use of threats and slander. The new Expressive Activity Policy proposed by the Board of
Trustees represents the latest in a line of actions intended to limit the free speech of the IU
community.
Although touted as a neutral policy, the proposed policy is anything but neutral. It clearly
targets the recent activities of pro-Palestinian protesters, particularly in its prohibition of
temporary structures, signs and writing, and overnight camping. Additionally, its prohibition of
expression near buildings appears to be targeting the Indiana Graduate Workers Coalition, who
went on strike in April to campaign for living wages and union recognition. The definition of
“Expressive Activity” is vague enough that it could be used to justify penalties against any
student or faculty organization or gathering on campus. As it is clearly not the university’s
intention to eliminate all campus activities, it can be assumed that they intend to enforce this
policy in a biased fashion, leveraging it only against groups or activities that they disagree with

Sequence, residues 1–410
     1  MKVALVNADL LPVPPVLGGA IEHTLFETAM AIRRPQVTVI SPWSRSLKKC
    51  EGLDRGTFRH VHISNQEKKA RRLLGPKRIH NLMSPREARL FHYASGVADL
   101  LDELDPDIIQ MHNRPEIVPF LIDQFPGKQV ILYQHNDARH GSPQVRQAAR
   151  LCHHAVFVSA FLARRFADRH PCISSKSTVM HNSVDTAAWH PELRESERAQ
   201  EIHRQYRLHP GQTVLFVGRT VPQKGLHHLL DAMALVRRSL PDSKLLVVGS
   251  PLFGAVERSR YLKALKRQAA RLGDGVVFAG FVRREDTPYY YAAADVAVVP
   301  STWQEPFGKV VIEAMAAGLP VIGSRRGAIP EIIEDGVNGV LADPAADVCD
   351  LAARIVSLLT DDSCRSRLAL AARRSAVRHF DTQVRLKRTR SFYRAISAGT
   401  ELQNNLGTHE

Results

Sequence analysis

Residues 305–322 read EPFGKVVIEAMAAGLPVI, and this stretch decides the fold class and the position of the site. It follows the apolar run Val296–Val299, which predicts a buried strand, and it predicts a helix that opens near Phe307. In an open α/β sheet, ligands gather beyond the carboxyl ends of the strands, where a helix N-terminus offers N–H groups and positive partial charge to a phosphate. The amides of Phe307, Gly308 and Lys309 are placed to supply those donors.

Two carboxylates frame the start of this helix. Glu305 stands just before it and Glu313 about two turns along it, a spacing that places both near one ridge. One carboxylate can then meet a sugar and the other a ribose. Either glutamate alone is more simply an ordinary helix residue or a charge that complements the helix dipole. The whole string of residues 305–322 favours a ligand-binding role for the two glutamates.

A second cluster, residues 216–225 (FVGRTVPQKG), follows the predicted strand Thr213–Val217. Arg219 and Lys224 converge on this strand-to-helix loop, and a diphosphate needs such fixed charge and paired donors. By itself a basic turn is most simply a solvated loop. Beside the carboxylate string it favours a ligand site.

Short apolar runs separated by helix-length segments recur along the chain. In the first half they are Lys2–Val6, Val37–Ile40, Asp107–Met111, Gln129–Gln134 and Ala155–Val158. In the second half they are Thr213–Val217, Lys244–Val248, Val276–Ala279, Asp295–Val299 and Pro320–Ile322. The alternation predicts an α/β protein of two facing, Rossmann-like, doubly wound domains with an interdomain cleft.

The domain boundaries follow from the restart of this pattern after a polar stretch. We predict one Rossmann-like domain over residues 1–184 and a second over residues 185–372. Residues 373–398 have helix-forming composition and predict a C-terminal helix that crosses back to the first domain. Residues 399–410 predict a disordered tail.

or that they see as criticizing or inconveniencing the university.

The following regulations are particularly concerning:
 Point (3) states that temporary structures must be requested and approved 10 days
prior to an event. This is too far in advance, as expressive activity is often responding to
current events that cannot be predicted 10 or more days ahead of time. Additionally,
the added restriction that structures must adhere to the guidelines provided by the
University (which are not included in the document) and be approved by various
University departments means that even when requested in a timely manner, structures